Soil diffusive fluxes constitute the bottleneck to tree nitrogen nutrition in a Scots pine forest
PLANT AND SOIL, 2016, 399 (1-2):109-120
Oyewole OA, Jamtgard S, Gruffman L, Inselsbacher E, Nasholm T
Background and aims
In nutrient poor environments, plant nitrogen (N) acquisition is governed by soil diffusive fluxes and root uptake capacities. However, the relationship between these two processes is not well understood. We explored a way of comparing the processes, enabling identification of the limiting factor for tree N acquisition.
The study comprised N-fertilized and N-limited Scots pine stands, and measurements of uptake capacities of detached tree roots and of induced soil diffusive fluxes (through in-situ microdialysis) done at the onset and the end of the growing season.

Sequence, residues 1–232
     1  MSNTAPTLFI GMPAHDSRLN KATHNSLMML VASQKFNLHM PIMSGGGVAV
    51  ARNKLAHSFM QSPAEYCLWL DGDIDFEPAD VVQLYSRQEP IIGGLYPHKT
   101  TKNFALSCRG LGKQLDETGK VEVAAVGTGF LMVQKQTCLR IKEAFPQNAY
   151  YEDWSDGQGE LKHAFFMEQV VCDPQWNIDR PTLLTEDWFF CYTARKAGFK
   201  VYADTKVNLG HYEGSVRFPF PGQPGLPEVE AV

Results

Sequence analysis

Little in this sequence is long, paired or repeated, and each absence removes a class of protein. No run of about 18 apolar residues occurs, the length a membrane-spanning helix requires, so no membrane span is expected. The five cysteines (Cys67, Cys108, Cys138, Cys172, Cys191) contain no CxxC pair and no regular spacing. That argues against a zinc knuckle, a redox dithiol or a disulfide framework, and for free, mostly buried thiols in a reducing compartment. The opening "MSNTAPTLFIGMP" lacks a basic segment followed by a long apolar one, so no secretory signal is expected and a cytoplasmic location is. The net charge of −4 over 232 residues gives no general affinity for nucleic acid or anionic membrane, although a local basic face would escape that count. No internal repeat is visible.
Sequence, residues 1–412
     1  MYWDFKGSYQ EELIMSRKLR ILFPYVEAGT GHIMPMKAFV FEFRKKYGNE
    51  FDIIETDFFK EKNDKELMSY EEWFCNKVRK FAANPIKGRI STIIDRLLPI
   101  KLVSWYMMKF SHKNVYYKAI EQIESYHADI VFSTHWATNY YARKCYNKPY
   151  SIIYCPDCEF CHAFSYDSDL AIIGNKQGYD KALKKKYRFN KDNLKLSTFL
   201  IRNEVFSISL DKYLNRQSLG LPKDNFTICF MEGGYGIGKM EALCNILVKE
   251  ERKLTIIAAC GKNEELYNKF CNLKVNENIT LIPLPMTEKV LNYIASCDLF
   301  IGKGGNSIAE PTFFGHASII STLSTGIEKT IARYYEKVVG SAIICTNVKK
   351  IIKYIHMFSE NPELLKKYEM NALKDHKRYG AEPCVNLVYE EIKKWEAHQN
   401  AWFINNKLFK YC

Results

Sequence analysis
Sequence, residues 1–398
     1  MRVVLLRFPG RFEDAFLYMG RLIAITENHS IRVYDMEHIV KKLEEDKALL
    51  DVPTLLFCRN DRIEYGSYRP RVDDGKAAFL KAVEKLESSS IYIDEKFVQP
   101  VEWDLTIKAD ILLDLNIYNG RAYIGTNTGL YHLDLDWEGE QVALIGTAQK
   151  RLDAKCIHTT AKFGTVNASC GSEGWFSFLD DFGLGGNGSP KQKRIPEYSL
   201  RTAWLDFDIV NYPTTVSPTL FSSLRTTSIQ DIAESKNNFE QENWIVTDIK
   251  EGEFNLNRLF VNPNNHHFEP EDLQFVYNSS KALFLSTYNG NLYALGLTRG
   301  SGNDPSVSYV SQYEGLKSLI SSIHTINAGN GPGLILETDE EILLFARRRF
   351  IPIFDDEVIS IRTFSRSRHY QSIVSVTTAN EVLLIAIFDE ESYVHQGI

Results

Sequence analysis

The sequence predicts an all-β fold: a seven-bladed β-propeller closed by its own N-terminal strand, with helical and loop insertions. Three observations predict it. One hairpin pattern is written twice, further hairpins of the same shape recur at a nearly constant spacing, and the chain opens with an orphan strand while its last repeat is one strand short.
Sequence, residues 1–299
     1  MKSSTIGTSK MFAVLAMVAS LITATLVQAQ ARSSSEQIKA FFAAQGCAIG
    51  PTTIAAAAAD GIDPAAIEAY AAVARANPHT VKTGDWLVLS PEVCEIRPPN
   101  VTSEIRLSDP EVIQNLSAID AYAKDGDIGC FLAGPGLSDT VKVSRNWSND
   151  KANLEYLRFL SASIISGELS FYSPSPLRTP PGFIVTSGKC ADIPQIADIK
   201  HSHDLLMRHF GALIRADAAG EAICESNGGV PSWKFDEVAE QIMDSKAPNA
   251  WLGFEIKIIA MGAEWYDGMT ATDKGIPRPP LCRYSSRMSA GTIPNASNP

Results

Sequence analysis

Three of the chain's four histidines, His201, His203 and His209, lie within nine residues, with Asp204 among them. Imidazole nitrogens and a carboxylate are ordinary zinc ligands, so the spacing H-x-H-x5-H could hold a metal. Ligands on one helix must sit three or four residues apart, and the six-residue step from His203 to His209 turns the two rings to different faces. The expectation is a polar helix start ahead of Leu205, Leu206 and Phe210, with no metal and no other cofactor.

Soil N fluxes were higher at the onset than at the end of the growing season and amino acids comprised a larger fraction of N than inorganic N. N fertilization reduced root uptake capacities of NH4 +, glycine and NO3 − but not of arginine. For all N compounds except NO3 −, diffusive fluxes were significantly lower than root N uptake capacities.
Our results suggest that soil N supply in both, N-fertilized and N-limited forest stands, is dominated by amino acids, thus being the major component of plant-available N. Uptake of N appears more constrained by the diffusive fluxes of N compounds rather than root uptake capacity, except for NO3 −.
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